Thursday, August 20, 2009

A Ceiling on Energy Prices

In short, Edward Morse, director of economic research at LCM Commodities makes the argument that the last round of high oil prices, surprise surprise, resulted in the development of new capacity - both in Saudi Arabia and deep sea resources (FT Alphaville, emphasis theirs):

If there was an obstacle, it was not a lack of hydrocarbon reserves— deep-water resources appear to be even more abundant than was thought a decade ago—but a lack of equipment to discover and produce them. Fewer than two dozen drilling vessels (each costing $1 billion) were available in 2000. But as contracts were put in place at the time of very high oil prices, the fleet of vessels started to expand. By 2012, there should be closer to 150 such units available for finding and developing deep-water resources.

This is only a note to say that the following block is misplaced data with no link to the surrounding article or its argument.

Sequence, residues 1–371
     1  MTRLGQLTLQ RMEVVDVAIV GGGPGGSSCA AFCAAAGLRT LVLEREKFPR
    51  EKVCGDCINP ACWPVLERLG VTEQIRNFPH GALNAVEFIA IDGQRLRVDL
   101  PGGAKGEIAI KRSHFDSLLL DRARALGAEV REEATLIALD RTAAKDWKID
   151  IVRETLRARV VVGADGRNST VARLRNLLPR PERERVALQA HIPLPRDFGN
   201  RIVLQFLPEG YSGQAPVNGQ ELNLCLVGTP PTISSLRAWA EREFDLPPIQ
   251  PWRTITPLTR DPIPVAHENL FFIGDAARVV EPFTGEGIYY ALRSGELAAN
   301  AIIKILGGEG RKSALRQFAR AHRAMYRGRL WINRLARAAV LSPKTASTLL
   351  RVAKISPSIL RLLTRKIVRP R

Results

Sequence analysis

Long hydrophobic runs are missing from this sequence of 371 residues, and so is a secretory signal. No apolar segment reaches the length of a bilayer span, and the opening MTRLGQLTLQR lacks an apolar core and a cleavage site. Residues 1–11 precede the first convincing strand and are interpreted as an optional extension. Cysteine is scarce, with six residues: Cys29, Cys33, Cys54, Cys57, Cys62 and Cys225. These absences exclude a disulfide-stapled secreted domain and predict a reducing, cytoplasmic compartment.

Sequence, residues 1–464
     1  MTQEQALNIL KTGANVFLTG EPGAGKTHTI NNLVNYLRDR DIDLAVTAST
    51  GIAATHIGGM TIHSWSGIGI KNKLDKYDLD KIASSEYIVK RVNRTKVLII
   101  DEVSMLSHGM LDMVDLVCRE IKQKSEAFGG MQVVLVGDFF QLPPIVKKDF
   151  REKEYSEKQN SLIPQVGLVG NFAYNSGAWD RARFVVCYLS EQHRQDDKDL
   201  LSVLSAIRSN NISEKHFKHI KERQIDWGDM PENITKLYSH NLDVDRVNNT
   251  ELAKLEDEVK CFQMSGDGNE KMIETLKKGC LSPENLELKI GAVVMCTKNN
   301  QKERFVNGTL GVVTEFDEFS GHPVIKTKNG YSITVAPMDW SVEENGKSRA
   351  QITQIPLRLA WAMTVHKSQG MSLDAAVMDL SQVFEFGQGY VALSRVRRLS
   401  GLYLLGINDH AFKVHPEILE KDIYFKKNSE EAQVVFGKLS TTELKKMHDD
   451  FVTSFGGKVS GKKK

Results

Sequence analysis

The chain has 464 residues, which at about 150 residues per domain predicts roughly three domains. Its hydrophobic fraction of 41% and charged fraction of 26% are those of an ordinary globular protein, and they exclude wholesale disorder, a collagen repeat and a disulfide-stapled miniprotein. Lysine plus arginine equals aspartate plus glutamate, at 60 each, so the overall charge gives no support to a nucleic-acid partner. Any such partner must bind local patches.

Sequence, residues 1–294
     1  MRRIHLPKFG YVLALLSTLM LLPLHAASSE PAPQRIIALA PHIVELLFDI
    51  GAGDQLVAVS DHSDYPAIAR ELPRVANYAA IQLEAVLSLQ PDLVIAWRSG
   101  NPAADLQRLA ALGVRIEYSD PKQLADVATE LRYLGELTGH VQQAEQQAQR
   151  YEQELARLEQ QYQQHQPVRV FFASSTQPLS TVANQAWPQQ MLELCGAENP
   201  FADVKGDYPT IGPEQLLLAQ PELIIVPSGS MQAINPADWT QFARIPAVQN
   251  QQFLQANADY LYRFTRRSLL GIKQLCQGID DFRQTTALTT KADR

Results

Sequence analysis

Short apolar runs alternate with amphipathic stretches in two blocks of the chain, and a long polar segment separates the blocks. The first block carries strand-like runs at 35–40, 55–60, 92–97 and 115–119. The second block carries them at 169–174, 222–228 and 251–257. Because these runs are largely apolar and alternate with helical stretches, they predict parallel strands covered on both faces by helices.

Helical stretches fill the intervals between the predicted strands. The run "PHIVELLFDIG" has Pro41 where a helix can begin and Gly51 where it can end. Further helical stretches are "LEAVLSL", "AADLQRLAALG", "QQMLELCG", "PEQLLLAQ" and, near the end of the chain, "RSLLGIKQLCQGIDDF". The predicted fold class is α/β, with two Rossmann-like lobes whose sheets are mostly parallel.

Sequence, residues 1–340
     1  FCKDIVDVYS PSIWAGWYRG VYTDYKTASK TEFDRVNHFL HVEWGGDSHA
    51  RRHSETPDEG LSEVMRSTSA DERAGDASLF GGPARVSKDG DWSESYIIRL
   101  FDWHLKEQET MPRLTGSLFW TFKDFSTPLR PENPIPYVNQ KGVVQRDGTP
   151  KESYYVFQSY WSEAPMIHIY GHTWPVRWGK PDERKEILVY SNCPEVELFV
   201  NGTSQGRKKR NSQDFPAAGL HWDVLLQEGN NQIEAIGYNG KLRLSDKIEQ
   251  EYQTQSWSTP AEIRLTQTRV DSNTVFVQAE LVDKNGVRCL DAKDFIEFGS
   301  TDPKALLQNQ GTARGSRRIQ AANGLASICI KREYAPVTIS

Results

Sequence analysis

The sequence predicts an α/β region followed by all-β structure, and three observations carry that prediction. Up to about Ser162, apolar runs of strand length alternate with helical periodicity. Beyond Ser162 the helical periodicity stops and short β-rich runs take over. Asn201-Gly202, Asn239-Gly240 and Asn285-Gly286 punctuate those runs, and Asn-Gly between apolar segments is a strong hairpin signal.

He also cites the development of the massive abundance of shale gas - though it seems even here he's understating the case. Read on here.

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